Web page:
Aziza (San Francisco)

With all the new restaurant opening and young celebrity chefs, it is easy to overlook older restaurants, but Aziza in San Francisco should not be. Aziza has been open for ten years (since 2001) but chef/owner Mourad Lahlou has continued to churn out great food. In 2010 it became the first Moroccan restaurant to receive a Michelin star and it has maintained that star since.

The restaurant is rather nondescript on the outside. A neon sign marks the location in amongst Chinese and Japanese restaurants in the Richmond district. Inside, a festively decorated restaurant typical of Moroccan restaurant. The food, on the other hand, is nothing like other Moroccan foods you've had.

Mate Mojito
We decided to skip the tasting menu and ordered what we wanted.
The cocktail menu at Aziza looked interesting and promising, but I was refraining from drinking alcohol so I went for the next closest thing: a Mate Mojito made by Taylor's Tonics ($6). Not really a mojito but it wasn't too sweet and was refreshing.

We started out meal with the lentil soup, medjool dates, celery, parsley ($8)
Lentil soup
A great lentil soup that also became a mini treasure hunt as we look for that burst of sweet from the dates. This was only a small hint of what Aziza is about.

Thursday, January 6, 2011

Patisserie Philippe (San Francisco)

I spent quite a bit of time in San Francisco´s SOMA last year. One of the things I discovered there was this little patisserie, Patisserie Philippe. The macarons were in primary display atop their marble counters and the posted sign invoked Ladurée, the inventor of macaron and purportedly the best macaron shop in the whole world.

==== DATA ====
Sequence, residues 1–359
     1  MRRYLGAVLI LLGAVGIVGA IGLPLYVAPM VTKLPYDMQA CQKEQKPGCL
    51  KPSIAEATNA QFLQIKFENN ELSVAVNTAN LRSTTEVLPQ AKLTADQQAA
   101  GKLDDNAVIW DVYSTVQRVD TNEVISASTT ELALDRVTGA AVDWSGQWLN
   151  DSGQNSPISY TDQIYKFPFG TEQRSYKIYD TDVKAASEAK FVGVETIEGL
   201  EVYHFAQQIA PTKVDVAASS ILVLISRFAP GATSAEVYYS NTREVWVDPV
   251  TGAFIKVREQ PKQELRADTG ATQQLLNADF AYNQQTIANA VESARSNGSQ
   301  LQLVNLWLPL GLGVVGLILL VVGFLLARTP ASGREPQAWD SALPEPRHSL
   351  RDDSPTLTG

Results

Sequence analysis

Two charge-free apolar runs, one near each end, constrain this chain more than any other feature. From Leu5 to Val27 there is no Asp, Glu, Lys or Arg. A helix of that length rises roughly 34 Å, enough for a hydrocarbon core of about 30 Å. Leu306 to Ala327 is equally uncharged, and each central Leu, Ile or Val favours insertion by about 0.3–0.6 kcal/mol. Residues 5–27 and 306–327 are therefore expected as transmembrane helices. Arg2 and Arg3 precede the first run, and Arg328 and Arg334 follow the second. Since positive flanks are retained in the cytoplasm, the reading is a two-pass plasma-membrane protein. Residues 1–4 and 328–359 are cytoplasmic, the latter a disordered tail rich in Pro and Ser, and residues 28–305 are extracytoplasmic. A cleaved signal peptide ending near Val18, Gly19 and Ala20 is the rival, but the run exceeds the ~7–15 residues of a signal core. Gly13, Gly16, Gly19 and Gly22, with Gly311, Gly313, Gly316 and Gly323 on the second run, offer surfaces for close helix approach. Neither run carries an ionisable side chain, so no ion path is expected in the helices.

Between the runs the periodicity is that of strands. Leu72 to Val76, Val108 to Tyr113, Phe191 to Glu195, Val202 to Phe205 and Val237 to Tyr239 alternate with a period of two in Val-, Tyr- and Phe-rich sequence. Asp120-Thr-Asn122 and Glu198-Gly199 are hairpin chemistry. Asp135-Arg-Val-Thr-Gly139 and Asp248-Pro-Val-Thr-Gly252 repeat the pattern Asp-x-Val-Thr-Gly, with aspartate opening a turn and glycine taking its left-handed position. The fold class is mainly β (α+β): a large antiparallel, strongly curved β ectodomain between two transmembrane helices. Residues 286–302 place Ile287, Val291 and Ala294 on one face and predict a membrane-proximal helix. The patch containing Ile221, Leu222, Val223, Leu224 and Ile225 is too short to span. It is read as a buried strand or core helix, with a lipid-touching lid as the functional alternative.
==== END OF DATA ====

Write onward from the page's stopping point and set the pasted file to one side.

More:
San Francisco Bay Area

Bar Tartine
Bissap Baobab (Mission)
Blue Bottle Cafe
Butler and the Chef Bistro (SOMA)
The Chairman (food truck)
Coi (North Beach) **
Craftsman and Wolves (Mission)
Four Barrel Coffee
Masa's Restaurant (Nob Hill) *
Patisserie Philippe (SOMA)
Pizzeria Delfina (Mission)
Ritual Coffee (Mission)
San Tung (Inner Sunset)
Slanted Door
Verbena (Russian Hill)

Chez Panisse Cafe


Napa Valley:
Ad Hoc (Yountville, CA)
The French Laundry (Yountville) ***

South Bay (San Mateo/San Jose):
Falafel Drive-In (San Jose)
Wakuriya (San Mateo)

Saturday, September 4, 2010

Butler and the Chef (SF): a Parisian Brunch in SOMA?

After driving up to SF with Kat's 9 Lives and LAist's Sam Kim, we figured we'd have one quick brunch before going our separate ways in the city. Kat recommended Butler and the Chef in SOMA since it was close to where we were and it has good reviews.

The bistro is located right in front of South Park, adding to its charm.
In contrast to the entrance which seemed small, the dining room extends far back. The furnitures gave it a cozy Parisian feel. We were seated in a narrow section next to the kitchen.

Fresh squeezed OJ: my personal brunch staple.